xml in fptools?

Simon Marlow simonmarhaskell at gmail.com
Fri May 26 11:15:58 EDT 2006

Robert Dockins wrote:
> On May 26, 2006, at 6:52 AM, Simon Marlow wrote:
>> Duncan Coutts wrote:
>>> On Thu, 2006-05-25 at 16:41 -0700, Ashley Yakeley wrote:
>>>> Malcolm Wallace wrote:
>>>>> Oh, I always assume lazy I/O.  It is one of the most useful  parts of
>>>>> Haskell, and I rely on it all the time for both interactivity and
>>>>> avoidance of space problems.
>>>> Lazy I/O is problematic and probably a bad idea for libraries:
>>>> <http://haskell.org/pipermail/haskell/2006-May/017998.html>
>>> Assuming we do have imprecise exceptions what is wrong with lazy IO?
>> I'm not even certain that lazy I/O doesn't upset referential  
>> transparency.  It seems hard to construct a concrete counter  example 
>> though.  My intuition is something like this: if evaluating  a thunk 
>> can cause IO to take place, then the act of evaluating that  thunk 
>> might affect the value of another lazy I/O computation, and  hence it 
>> should be possible to get different results by evaluating  the thunks 
>> in a different order.  I'm concerned that in the  presence of 
>> dependencies between lazy I/O computations, the order  of evaluation 
>> might be visible.
> I'm personally with you on this one.  However, I think it is mostly  
> just a problem with current state-of-the-art filesysems.  We could  
> solve this problem with a filesystem that models files as persistent  
> data structures (on-disk ropes maybe?).  Then "writing" to a file  just 
> creates a new version of the persistent datastructure and  updates the 
> "name table" to point to the newest version; in fact,  updating the name 
> would be optional!  I can think of a couple of use  cases for modifying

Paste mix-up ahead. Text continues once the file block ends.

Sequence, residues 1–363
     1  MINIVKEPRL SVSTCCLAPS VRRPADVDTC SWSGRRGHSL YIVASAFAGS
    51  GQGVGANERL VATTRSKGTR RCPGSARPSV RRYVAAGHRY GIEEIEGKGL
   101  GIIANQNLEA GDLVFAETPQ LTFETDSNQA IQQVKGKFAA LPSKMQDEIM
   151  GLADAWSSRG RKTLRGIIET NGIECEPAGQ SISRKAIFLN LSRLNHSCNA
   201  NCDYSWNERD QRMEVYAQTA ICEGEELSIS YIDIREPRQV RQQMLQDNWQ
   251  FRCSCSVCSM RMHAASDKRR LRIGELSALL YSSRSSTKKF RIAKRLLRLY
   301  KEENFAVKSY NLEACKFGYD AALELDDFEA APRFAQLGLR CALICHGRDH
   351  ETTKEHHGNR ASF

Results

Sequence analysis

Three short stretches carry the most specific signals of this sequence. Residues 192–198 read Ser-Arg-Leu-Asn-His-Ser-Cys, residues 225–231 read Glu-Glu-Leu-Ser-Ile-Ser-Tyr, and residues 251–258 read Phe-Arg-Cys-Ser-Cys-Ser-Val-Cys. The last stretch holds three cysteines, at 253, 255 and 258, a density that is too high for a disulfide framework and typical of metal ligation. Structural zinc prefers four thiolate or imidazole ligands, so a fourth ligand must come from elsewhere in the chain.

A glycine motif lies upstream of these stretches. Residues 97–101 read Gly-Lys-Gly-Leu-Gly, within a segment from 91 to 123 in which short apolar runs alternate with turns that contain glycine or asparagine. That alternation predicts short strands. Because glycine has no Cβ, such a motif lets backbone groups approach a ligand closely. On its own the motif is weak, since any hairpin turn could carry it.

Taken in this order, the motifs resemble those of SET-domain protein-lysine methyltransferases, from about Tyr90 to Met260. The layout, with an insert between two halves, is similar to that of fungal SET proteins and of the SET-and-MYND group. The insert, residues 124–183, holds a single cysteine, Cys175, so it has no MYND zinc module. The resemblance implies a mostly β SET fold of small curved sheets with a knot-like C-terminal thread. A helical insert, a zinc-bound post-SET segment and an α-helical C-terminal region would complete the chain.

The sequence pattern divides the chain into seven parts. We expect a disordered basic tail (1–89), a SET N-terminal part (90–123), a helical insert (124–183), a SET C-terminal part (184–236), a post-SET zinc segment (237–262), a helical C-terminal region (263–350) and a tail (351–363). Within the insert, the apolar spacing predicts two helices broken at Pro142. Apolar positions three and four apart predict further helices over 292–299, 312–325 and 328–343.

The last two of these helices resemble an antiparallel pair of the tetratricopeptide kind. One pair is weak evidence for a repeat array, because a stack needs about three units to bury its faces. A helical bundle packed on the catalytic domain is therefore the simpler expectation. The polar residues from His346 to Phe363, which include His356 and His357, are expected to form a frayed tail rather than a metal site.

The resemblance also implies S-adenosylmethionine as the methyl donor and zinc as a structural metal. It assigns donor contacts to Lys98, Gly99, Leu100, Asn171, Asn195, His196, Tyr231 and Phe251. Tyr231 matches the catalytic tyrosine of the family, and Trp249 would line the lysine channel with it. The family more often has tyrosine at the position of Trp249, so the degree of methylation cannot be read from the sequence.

> on-disk files and keeping them private to my  process.  Doing "lazy I/O" 
> on a file just means keeping a reference  to a particular version of the 
> datastructure instead of getting the  latest one from the name table.  
> Obviously, there's some issues with  garbage collecting unreferenced 
> file versions, but I don't think the  issues are any more complicated 
> than for a journaling FS (caveat: I'm  not at all a filesystem guru; I 
> could be wrong).  Actually, the more  I think about it, the more I like 
> this idea...

Haskell prevents you from opening a file for writing while you already 
have it open for reading (even if the reading is being done lazily). 
This is an oft-forgotten part of the Haskell I/O library specification, 
perhaps because only GHC implements it (and even GHC doesn't implement 
it on all platforms).

But in principle I agree, we would like to think of hGetContents as 
pulling lazilly from an immutable array of bytes, and if that were the 
case then there would be no problem.


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